Popular French comedian starring in more than 160 films.
Fernand Joseph Desiree Contanden (real name Fernandel) was born May 8, 1903 in Marseille, in the family of a pharmacist.
The Contanden family supported the son’s desire for the stage and at the age of five he made his debut at the Marseille Chav Theater in melodramas and pastorals.
The idol of Fernand was the then-famous couplet singer, Polen. Seeing his performance, Fernand was determined to become a comedian. Two days later, having learned Polen’s repertoire, he tested it in one of the cafes. Steamy couplets on the lips of a ten-year-old boy delighted the not too picky audience of Marseille cafes and cabarets. This was the first success. The fame of little Cine went beyond the boundaries of their native Shav Boulevard. Then Fernand took part in the competition of chansonnier-lovers, held by a Paris newspaper, and took second place.
World War I temporarily interrupted a successful career. Fernand needed to replace in the family of his father, who went to the front. The young man served at the National Credit Bank, the Marseille Credit Society and even at a soap factory. And in the evenings he still performed couplets and studied courses to complete his education.
After the war, he changed his profession as in a kaleidoscope, Fernand again and unsuccessfully tried to start a career in banking. Soon he realized his unsuitability for all prosaic pursuits, Fernand wanted to do only what he loved and knew how to make people laugh.
At the age of 19, two important events took place in his life. He married the beloved Henrietta Mans, sister of the future screenwriter Jean Mans, and entered into his first contract with the Eldorado cabaret in Nice, for which he received 110 francs a day for his performances. On the poster, the actor already appears under the name Fernandel, which was invented by his mother-in-law and in translation meant “her Fernand”, where by “her” was meant of course Henrietta.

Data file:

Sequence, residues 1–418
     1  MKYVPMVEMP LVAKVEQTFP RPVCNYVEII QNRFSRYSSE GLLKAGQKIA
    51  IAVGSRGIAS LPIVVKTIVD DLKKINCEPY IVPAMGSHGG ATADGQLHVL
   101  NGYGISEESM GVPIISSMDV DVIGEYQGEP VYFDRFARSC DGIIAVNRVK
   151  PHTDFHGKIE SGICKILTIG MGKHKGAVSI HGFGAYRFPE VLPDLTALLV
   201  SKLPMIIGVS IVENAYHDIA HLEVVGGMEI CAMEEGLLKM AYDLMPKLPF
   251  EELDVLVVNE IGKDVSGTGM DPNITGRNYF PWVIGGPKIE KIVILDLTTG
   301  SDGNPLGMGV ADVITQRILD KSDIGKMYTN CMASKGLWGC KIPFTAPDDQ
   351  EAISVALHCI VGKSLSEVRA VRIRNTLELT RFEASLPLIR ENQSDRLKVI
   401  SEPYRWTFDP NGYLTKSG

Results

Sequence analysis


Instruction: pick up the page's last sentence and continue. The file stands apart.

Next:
In 1925, Fernandel’s artistic career was interrupted by draft in the army. Fernand began his service as a clerk in the 95th Mining and Artillery Regiment, but soon achieved a transfer to Marseille, where his wife Anrietta and the recently born daughter Josette were waiting for him. After the service, in order to feed his family, the actor is again forced to go to work at a soap factory.
But here, “His Majesty the case” intervened in the life of Fernandel. First, he replaced the sick actor in one of the theaters, then he was offered a many-month tour of the country. After him, Fernandel received an invitation to the famous Parisian theater “Bombino”. “It was written in the book of fate that I should not end the days in soap.” This was followed by an invitation to the movie – the role of “small, but very funny.”
Fernandel first appeared on the set in 1930 with director Marc Allegre in the short film “The Best Nanny.” In 1931, Mark Allegre offers the artist the role of an inexperienced raider in the film adaptation of Sasha Guitry’s play “White and Black”. Success was not long in coming, and offers to act in films followed one after another. Cinema brought Fernandel national fame, he becomes one of the most popular French actors.
With the outbreak of World War II, the artist was drafted into the army and even carried out guard duty on the Maginot Line. However, the famous smile of the sentry gathered at the post so many onlookers that the authorities hastened to free Fernandel from soldierly hardships. During the war years, French film production was not stopped, but people were not laughing.
In 1942, Fernandel made a completely unexpected role – the director. As a result, Fernandel made three films: “Ademar and the toy of fate” (1951), “Adrien” (1943), and “Simpleton” (1942).
After the war, in the 1950s, the work of Fernandel was once again flourishing. His fame stepped outside of France, he made a concert tour of Europe and America, was repeatedly awarded the Courtelen Prize, awarded to the best comedian in France.
In 1951, Fernandel starred in the film directed by Julien Duvivier “The Little World of Don Camillo” (dr. “The World of Don Camillo”), which marked the beginning of a series of six films about rural pastor Don Camillo, which lasted for nineteen years. But Fernandel’s best film is Christian-Jacques comedy “The Law is the Law” (1958), where the Italian comedian Toto acted as his partner. This film was a huge success, and not only in France.
In the 1960s, Fernandel starred less often in comedies, preferring melodramatic scenes. One of his last eccentric roles was a sick man who escaped from a madhouse in the film “The Devil and the Ten Commandments” (1962) by Julien Duvivier.
In 1963, Fernandel on shares with Jean Gabin created his own film company, GAFER (GAFER – Gabin & Fernandel), whose goal was purely commercial success. For Gafer, Gabin and Fernandel starred together in the film “The Ungrateful Age” (1964).
In the 60s, Fernandel made over 50 short films for television, including English and American.